Editor's Note: Trading in Textbooks for Newspapers
By Charles Elson

I think that a few words of introduction and guidance are in order. I have been a regular contributor and, more importantly, a reader and devotee of Directors & Boards for the past 25 years. I firmly believe that this publication has been, is now, and will continue to be the thought leader in contemporary corporate governance theory and practice for our country’s best directors. I am proud and honored to be engaged as executive editor-at-large for my favorite publication (though I am still a little unsure of what such a lofty title really stands for).

I do have a significant and relevant warning for the readers of this column. At heart, I am an investor advocate. I have always firmly believed that we, as corporate directors, have as our primary obligation the objective of preserving and enhancing shareholder value. The investors entrusted their hard-earned funds with us, and our fundamental responsibility is to wisely steward and enhance the value of what they have invested. Today’s shareholders are not titans of Wall Street, but the millions of hard-working men and women who invest for their well-deserved retirements. If we don’t steward wisely, they will take their capital elsewhere, and the good things that we can accomplish with their funds will never occur.

This is not to say that we should ignore the interests of the other stakeholders in our companies, because to do so ultimately would ensure no return for the businesses or our shareholders who committed their precious capital to us. Instead, we must always be mindful of those in and out of our organizations who create value for our investors.

But we must never lose sight of who elects us and to whom we are morally and legally obligated. The shareholders come first, and every difficult decision we make must start with the simple but important question, “How does this enhance our company’s and shareholders’ long-term interests?” That is our role and fundamental responsibility.

I hope that this column will serve two purposes. First, sometimes, I would like to challenge you — not because I wish to receive angry letters, but instead to make you reflect. Nothing is worse in our business than the slavish devotion to dogma. Business is an ever-evolving and changing organism. We cannot react to turbulent times with the same old response. We must challenge and be challenged. You and I may not always agree, but at the very least this column should encourage reflection. Of course, as an academic, that is my job. Second, I hope it will inspire you to approach your job with enthusiasm and creativity. We have great responsibilities, but much potential to do good.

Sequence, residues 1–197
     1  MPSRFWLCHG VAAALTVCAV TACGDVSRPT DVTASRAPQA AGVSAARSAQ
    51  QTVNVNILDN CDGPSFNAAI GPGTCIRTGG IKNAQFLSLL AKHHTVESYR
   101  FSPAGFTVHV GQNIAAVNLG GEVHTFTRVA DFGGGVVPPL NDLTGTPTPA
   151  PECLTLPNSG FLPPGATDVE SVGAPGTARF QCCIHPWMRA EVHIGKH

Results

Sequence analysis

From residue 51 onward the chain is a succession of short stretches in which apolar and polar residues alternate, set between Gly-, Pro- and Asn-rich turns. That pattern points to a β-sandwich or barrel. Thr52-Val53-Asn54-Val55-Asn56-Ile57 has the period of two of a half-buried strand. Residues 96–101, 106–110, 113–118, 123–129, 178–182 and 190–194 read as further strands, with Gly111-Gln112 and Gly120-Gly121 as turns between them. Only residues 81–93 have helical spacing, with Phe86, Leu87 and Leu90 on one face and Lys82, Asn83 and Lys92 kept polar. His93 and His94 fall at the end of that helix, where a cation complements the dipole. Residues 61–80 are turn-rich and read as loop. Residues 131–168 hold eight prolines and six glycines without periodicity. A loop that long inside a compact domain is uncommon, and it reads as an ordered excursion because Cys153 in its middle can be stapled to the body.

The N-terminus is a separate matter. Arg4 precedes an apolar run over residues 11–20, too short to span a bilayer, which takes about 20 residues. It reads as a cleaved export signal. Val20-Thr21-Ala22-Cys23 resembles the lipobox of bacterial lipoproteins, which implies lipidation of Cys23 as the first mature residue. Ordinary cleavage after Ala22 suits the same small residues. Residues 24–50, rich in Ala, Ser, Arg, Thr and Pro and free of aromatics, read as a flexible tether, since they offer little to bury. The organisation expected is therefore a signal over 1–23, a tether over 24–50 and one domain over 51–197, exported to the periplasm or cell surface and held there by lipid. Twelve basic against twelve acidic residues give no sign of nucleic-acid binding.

We are in the midst of one of the greatest economic and societal crises that any of us has ever faced. The business world may never be the same. I am reminded of a story my grandfather told me many years ago. He, Charles Goodman, entered the Harvard Business School in the fall of 1928. He worked on Wall Street for the summer of 1929. Then came The Crash. After Christmas break, he returned to Harvard in January 1930. He told us his professors called all of the students into an auditorium upon the start of the new semester. They announced that in the past two months, the world had changed dramatically and irrevocably. The cases that the students would traditionally have been reading would be discarded, and their final semester would be taught out of the newspapers. As a child, I could not imagine such a thing — now I can. In the next several months, you and I will be rethinking director dogma, as we together approach the strange but relevant realities we now must face. While I cannot promise you a smooth ride, I can assure you that it will be challenging, interesting, and to all of us rewarding. I look forward to our dialogue.

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